And here politicians in Poland are falling into two camps, much like the old left and right days. On the right, Donald Tusk - but in the left hand corner is Jaroslaw Kaczynski, calling for a programme of public works - a la Maynard Keynes - to protect jobs and stimulate the economy.

It’s no surprise Kaczynski is on the state borrowing and spending side of the equation. For all the emphasis on his social conservatism, he and Law and Justice have always been left on the economic front. Law and Justice, the conservative-socialists!

The World Bank report was actually much less gloomy than most. It said Poland would ride out the storm better than many in the region. But it’s still going to be rough, though not the Great Depression. There are no precedents to this. It’s something new.

And that makes me think that all the bailouts and other sticking plasters aren’t really coming to terms with what is behind this: an over producing but under consuming south Asia, and an over consuming, under producing West. This is about fundamental imbalances. But nobody seems to have a plan about that.

Friday, March 13, 2009

Poles fear reckless driving and drunks

Poles are most afraid of reckless driving, according to research done by National Police Headquarters in January 2009.

Overall, Polish citizens are not a fearful nation. Seventy-seven percent of citizens are not afraid to walk alone at night, 60 percent do not avoid a particular location even if they feel unsafe and seventy percent are not afraid of petty crimes, including robbery.

“This is extremely important information,” stated Police Commander General Andrzej Matejuk. He added that reckless drivers will be treated harshly and police intend to make better use of video monitoring on roads.

Seventeen thousand Poles took place in the survey. Every fifth respondent fears vandals, drunks and drug addicts.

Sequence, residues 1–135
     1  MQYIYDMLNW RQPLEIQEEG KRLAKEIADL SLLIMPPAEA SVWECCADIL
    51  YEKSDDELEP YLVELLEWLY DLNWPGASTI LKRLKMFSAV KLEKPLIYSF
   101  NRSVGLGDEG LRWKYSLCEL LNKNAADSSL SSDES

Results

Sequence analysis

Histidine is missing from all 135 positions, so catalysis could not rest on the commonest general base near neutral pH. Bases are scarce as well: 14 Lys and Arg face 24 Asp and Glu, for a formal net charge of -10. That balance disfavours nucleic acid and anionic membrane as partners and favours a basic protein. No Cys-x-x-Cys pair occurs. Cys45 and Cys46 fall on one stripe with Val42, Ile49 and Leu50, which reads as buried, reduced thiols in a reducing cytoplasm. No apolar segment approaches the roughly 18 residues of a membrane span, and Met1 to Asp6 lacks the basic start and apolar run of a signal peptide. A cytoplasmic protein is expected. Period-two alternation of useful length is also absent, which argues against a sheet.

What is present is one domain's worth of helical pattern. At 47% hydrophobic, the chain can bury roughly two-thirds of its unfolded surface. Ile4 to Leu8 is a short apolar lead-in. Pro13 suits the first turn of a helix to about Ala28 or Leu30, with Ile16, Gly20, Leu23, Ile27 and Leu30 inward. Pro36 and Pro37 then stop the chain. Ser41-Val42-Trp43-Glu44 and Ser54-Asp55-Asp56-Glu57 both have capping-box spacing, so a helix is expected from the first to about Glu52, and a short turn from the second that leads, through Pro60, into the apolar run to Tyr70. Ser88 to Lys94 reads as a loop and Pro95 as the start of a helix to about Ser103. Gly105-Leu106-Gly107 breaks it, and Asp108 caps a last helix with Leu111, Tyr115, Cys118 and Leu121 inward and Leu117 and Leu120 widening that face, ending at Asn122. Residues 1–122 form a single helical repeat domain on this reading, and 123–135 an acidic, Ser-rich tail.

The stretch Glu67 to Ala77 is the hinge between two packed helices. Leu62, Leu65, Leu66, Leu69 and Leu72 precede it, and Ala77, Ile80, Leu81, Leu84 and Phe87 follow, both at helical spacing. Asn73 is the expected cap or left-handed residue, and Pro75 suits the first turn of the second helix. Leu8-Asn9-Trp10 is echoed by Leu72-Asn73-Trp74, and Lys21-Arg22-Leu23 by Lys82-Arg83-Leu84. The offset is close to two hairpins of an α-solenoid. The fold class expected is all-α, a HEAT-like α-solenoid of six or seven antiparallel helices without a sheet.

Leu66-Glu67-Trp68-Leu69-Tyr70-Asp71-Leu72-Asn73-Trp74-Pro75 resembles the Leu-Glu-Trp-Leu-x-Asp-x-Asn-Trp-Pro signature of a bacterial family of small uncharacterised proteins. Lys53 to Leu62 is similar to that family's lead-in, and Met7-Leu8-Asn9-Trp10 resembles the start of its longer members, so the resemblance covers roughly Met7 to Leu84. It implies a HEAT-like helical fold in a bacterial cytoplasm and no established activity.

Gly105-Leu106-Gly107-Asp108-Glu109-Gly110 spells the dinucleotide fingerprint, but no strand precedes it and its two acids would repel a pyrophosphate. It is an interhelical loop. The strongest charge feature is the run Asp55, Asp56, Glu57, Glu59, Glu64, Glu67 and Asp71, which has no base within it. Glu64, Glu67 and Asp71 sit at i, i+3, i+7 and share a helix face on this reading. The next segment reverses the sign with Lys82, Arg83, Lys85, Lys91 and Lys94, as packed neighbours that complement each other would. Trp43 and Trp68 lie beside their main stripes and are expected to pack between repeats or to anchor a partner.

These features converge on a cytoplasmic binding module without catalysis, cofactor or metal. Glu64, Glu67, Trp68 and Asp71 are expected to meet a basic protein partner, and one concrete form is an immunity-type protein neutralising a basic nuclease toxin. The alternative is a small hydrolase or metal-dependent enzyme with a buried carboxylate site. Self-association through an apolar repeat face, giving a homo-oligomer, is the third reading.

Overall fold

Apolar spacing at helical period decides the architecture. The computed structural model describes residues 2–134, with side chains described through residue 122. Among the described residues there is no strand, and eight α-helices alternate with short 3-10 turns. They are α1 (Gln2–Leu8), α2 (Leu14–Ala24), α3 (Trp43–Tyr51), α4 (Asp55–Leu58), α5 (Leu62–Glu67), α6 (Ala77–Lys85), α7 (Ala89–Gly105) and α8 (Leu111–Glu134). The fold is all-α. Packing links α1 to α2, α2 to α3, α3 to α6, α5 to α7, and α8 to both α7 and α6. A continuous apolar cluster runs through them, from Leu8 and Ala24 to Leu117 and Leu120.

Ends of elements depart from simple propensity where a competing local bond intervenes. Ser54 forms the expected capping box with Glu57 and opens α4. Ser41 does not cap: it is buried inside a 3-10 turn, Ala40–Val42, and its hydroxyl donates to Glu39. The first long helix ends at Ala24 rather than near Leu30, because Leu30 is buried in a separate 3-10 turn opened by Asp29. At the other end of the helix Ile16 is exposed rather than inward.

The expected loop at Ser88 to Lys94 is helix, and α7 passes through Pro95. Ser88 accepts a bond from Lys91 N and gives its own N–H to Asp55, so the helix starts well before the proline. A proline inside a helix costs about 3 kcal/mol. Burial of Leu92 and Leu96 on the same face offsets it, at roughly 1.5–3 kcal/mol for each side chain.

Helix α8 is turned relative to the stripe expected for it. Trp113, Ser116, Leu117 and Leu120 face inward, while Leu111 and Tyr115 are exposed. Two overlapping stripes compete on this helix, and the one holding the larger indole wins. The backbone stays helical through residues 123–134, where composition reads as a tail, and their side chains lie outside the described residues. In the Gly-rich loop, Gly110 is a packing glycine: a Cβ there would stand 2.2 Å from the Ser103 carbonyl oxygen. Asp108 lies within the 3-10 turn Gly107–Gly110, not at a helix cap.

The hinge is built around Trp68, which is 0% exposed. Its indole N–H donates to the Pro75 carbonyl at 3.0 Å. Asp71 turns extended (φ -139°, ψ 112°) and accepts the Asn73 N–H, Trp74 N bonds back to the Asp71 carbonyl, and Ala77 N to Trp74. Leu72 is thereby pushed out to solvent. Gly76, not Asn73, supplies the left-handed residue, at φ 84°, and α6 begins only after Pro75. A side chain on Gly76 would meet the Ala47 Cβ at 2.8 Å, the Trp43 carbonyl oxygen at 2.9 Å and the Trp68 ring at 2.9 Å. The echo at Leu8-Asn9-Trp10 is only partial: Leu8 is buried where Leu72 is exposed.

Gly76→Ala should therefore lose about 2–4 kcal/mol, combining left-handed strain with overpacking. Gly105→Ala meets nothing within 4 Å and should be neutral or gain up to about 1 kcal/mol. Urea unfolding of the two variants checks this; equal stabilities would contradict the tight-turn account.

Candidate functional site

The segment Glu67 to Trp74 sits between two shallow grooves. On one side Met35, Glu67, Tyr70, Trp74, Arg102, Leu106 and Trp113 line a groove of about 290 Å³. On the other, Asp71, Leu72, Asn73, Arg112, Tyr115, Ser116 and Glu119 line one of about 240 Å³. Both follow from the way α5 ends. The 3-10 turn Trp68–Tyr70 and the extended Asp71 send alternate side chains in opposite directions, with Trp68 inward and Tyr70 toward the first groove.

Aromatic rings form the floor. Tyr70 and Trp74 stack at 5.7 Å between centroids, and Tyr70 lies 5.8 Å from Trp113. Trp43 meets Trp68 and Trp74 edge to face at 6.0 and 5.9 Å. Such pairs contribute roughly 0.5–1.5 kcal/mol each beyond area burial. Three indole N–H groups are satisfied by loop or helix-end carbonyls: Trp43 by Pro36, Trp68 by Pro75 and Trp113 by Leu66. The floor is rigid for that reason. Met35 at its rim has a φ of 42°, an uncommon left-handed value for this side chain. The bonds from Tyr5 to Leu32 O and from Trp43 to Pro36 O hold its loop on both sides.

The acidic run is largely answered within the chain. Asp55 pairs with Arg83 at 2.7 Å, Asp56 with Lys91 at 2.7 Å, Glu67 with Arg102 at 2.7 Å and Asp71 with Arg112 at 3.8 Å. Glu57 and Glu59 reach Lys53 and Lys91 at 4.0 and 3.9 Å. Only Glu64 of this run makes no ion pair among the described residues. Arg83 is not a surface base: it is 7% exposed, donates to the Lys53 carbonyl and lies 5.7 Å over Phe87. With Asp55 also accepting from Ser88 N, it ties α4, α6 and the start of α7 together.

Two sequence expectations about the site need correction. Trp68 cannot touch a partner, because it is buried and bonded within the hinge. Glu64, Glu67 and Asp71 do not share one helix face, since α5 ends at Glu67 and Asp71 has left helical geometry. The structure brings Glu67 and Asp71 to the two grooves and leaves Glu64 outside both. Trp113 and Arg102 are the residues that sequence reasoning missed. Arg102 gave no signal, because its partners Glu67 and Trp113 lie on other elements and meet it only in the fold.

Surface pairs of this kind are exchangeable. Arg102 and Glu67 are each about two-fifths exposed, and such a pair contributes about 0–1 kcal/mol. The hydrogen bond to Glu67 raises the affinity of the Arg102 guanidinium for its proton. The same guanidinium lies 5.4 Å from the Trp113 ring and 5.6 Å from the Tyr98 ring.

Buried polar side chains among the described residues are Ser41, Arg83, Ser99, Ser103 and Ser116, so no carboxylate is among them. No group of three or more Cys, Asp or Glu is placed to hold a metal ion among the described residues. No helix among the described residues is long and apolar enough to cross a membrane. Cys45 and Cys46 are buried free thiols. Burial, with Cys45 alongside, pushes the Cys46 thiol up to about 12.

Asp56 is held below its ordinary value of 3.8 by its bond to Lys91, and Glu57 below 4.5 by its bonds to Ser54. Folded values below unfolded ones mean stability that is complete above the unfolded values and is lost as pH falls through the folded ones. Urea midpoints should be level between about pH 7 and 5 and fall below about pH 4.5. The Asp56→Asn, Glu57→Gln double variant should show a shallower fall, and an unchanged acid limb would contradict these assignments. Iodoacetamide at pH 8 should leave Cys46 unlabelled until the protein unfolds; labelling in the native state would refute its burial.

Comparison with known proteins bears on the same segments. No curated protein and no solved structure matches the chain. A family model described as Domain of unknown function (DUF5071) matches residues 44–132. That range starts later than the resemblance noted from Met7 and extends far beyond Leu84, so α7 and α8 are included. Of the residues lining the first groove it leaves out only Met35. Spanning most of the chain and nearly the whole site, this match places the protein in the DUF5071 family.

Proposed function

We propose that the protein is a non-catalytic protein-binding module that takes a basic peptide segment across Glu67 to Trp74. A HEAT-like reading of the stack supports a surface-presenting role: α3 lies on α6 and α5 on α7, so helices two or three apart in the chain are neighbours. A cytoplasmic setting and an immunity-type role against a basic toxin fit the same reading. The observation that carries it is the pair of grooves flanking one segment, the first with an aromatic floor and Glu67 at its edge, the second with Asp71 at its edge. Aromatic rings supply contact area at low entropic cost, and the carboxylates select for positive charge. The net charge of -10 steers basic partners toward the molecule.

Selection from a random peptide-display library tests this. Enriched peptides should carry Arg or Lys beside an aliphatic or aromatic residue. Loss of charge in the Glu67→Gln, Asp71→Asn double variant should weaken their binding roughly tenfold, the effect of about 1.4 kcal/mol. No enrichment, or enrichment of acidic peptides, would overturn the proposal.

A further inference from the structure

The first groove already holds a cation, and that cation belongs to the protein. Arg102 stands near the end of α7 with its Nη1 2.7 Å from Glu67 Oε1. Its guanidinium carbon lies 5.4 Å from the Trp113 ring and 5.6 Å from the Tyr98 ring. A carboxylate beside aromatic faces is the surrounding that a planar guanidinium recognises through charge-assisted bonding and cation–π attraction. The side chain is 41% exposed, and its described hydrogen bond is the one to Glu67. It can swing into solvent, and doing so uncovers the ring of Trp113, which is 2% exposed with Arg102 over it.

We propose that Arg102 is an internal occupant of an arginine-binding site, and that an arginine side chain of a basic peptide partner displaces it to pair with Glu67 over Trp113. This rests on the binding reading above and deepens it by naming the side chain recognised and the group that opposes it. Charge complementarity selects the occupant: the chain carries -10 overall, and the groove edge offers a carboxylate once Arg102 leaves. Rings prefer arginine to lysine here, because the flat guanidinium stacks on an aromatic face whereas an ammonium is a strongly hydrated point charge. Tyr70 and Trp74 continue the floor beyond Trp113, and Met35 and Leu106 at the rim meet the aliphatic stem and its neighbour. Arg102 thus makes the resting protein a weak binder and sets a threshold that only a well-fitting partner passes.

Results of the research show that Poles are becoming less fearful. Fifteen years ago, every second citizen was afraid to walk alone after dark, whereas now, only every fifth person expressed some fear at the idea.

More respondents than last year (18 percent) stated that they fear nothing.

Thursday, March 12, 2009

Three years jail for IVF?

The “Contra In Vitro” Committee For Legislative Initiative is seeking 100,000 signatures to initiate a Project to change the civil code regarding the implementation of in vitro fertilization in Poland.

Head of the committee, Jacek Kotula, from Tyczyn in southeastern Poland, claims that the group aims to propose legislation before the Sejm, the lower house of parliament, after collecting enough signatures.

The Committee would like to amend Civil Code 160 to establish a law to the tune whoever engages in fertilization of an egg cell (fertilization by in vitro) outside of a mother’s body will face up to three years in prison. Article 160 that the group seeks to make law a prison sentence for endangering one’s life or for actions leading to the detriment the health.

As well, the group has proposed a law to imprison (for between five and 25 years) one who engages in embryonic stem cell research.

The “Contra In Vitro” Committee has declared that they are mounting a campaign to seek signatures all over Poland in order to initiate legislative in parliament on the issue. They have sought the aid of Catholic churches, asking priests to appeal for signatures during their sermons in mass.

“We are collecting signatures with the permission of the Bishop of Elk. For the past few days we have been collecting signatures and PESEL [identification] numbers,” states Father Jacek Uchan of the Elk parish, northeastern Poland.

The Catholic Church stands officially against in vitro fertilization and the Polish Federation of the Society of Catholic Families functions in Poland to uphold this stance.

Currently, Poland does not have established laws to address the specific issue of in vitro fertilization and the government, led by Civic Platform, has put together a bioethics committee to analyze the issue and propose legislation. The project is expected to regulate in vitro procedures including protecting the rights of an embryo, forbidding the sale of sperm and eggs, as well as banning the selection of eggs for fertilization.